I took my pen one last time. Should I write about him? How can I make a protagonist from my other work this cruel? But if I don’t write about it someone else will surely. Why can’t I be that someone else? The confusion here is not about whether I should write the truth or a lie instead. The complexity that arose was about whether I should write the truth or omit it? Ok. Fine. I will write it. Let them hate me for writing the truth but history will remember me as an honest man. My father told me about it. Maybe he came to know about it from his father. These stories have been flowing through generations. Maybe someone had added it to malice his character? It is possible. Because everything else we’ve known about him is nowhere near to this cruelty. No. No. Don’t do that. I’ve been doing this for long now. The work is complete. This is the only story that I hesitate to write. Fine. Let them say whatever they want. They all know this is the truth. Nothing must stand in the way of truth. I will write it. I must write it.
I dipped my pen into the ink-pot and put a dot onto the paper. That moment, I realized that everything is actually happening before my eyes. I will not have to write it. I will have to live it. It makes it even harder for me. How can I live something that I even hesitate to write? But I have made my mind. I closed my eyes and put my pen on the paper.
I can see the big gate of a city. That damn cursed wooden horse is right before me. A city drowns in the tide of war. Maybe the two sides had a fierce battle. But what appears now is a ruined city. Some remaining soldiers of the lost side are being enslaved. The victorious soldiers are busy plundering the city. Looting whatever they can. Killing away the old ones. Enforcing slavery on the capable and children. And raping the women. I cannot talk about the atrocities that I have just witnessed. I have already written about it but I don’t know why this time it feels more real to me. Right there, in front of me, stands the palace of King Priam. Shining always in the glories of Troy, today this one looks like a widow set on fire for the loss of his husband. I don’t know why but I can feel the helplessness of that poor thing.
I followed the path that led me to the palace. I can see the inside of it. Most of the palace is burning right now. The Greeks are looting the jewelry and coins. I do not want to describe this horrific sight and that is why I should not wander in the palace. I will take the direct route to the room of Prince Hector. Whatever I will see there will be crueler than what I have witnessed so far. But isn’t that the reason behind me wandering in this history?
I am approaching my destination. The doors are broken. Maybe Andromache, wife of Hector, overestimated the strength of these doors. What are these puny things in comparison to the unbreachable mighty walls that Troy has? But they are inside now. In the Troy. In the Palace. In her bedroom. There are only two of them. I recognize the one that is holding Andromache is Neoptolemus, son of Achilles. She is begging him for the life of her son Astyanx. But he is no mood to let Astynax go. The other man is holding the little Astyanx from his feet. I recognized that other man too. But what is he doing? More of so, why is he doing this. Andromache asks the same question to him. While going over to the balcony, he replied,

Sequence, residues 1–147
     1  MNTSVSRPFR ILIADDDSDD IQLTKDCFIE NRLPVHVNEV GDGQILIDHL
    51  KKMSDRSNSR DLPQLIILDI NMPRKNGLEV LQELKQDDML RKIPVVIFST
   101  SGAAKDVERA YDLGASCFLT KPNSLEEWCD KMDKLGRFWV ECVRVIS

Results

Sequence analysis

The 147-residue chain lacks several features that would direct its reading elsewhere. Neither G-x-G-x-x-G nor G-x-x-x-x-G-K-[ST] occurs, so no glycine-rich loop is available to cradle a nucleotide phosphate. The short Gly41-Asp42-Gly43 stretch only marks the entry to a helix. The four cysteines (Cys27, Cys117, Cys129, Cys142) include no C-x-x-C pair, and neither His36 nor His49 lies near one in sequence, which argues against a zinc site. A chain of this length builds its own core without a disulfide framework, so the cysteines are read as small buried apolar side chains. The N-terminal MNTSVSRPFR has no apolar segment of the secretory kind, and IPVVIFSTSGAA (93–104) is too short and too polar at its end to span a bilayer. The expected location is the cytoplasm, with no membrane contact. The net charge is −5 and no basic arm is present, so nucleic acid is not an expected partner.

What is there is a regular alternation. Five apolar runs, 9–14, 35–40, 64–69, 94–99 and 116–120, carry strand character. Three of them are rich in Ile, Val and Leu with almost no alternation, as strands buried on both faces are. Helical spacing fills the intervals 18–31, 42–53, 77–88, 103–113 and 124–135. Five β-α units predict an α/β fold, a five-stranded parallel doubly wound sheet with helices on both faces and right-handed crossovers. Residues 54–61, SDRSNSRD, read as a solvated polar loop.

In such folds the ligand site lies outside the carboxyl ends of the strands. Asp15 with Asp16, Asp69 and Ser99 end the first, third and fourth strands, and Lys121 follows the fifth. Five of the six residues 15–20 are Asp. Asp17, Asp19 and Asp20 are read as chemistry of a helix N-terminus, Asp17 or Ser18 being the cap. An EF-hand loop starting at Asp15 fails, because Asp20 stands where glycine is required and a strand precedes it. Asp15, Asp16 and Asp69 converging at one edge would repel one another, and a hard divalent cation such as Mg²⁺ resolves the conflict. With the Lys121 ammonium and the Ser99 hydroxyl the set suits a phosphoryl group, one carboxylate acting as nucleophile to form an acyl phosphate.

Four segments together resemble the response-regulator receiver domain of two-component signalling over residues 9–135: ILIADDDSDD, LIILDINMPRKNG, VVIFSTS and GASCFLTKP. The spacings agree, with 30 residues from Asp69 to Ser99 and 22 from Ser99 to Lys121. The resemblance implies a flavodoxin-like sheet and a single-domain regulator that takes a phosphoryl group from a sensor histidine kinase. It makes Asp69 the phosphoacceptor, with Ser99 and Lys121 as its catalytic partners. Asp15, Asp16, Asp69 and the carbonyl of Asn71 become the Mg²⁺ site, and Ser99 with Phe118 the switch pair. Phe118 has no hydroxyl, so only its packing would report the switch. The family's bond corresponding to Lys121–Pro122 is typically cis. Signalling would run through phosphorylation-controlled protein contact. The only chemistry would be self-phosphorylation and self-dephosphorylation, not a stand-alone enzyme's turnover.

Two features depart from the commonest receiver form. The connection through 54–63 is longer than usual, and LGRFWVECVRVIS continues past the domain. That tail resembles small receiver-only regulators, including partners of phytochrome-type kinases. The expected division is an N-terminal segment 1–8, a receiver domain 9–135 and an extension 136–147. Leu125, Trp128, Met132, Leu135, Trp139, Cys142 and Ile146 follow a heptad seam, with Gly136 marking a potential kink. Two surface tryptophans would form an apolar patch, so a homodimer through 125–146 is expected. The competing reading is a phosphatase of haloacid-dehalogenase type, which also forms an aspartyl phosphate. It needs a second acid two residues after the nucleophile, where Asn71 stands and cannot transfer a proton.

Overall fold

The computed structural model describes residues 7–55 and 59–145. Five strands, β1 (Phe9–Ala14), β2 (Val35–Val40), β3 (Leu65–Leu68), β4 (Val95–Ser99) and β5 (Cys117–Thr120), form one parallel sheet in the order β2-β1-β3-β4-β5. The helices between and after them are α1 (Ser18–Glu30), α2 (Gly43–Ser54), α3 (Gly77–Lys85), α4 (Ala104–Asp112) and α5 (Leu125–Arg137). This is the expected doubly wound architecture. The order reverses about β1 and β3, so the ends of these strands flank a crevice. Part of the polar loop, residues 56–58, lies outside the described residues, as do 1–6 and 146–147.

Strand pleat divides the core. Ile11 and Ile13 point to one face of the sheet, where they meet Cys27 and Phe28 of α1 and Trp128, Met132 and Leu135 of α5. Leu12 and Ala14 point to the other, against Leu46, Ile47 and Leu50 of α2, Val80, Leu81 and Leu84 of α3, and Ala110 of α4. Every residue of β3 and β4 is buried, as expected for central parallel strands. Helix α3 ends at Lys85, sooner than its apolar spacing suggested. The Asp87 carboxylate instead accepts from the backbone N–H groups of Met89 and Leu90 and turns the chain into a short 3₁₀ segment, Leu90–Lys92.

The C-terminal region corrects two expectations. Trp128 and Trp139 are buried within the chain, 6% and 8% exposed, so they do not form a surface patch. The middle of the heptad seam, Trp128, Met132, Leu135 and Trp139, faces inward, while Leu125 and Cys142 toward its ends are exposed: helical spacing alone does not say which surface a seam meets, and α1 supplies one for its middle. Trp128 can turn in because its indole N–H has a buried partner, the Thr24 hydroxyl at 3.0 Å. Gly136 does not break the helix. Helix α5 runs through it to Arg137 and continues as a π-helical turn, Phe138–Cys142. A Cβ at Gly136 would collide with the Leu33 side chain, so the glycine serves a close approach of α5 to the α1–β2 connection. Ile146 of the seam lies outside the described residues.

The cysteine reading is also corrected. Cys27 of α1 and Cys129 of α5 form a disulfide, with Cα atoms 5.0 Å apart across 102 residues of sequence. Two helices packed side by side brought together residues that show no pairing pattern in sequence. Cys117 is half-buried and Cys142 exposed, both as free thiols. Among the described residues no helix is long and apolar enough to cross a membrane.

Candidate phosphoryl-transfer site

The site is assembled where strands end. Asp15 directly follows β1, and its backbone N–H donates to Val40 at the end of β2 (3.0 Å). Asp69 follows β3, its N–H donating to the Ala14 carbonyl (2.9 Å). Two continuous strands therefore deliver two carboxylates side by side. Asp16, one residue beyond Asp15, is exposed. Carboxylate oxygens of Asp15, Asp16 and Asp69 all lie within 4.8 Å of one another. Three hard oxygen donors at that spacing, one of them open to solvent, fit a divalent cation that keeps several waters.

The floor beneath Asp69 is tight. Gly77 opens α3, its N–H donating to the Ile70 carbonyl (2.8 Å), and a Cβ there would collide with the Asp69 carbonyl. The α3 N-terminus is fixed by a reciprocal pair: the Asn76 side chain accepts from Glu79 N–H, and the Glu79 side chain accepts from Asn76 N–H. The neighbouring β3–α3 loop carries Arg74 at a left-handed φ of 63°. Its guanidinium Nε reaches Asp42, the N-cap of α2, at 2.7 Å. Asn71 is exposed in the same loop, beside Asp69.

“For he shall not seek revenge from my nation!”
He is about to throw that child from the balcony. A child not even capable to walk by himself! I see that that man has no regret or mercy for what he is about to do. I know that he will throw the baby and I cannot be a deaf and dumb witness to it.
I shouted, “Odysseus! Please don’t.”
But before my voice reaches him, he threw that child from the balcony. I cannot see any regrets for their deeds in the eyes of any of the two men. Yes! He is a murderer. Hero of my other work is nothing else but a murderer. A stone-heart who kills a child for the crimes that he may have never committed.
I shout in anger, “No! You are no Hero!”
“What!? What happened?”
My vision is fading away. The Troy is flying away from me. I am again in my chair, back from the journey of history. The only change I can see is that the paper in front of me seems full of writing. The scenes that took place before my eyes are all written on the paper as that happened.
“Father! What happened? Why were you shouting?” My 10 year old asked me.
“Nothing. Just a bad dream!”
“You want to know something interesting? I beat up Euripedes.”
“Why? Why would you do that?”
“HaHa! Nothing. We were performing the drama from the Trojan War theme. He was one of the Trojans. That’s why!”
That sparkled my eyes. I was again in a dilemma that whether I should add my recent writings to my work named ‘Iliad’ or not! I took those papers and threw them in the fire.
“Father! Why did you burn them!?”
I turned around. Smiled and whispered, “For Greece!”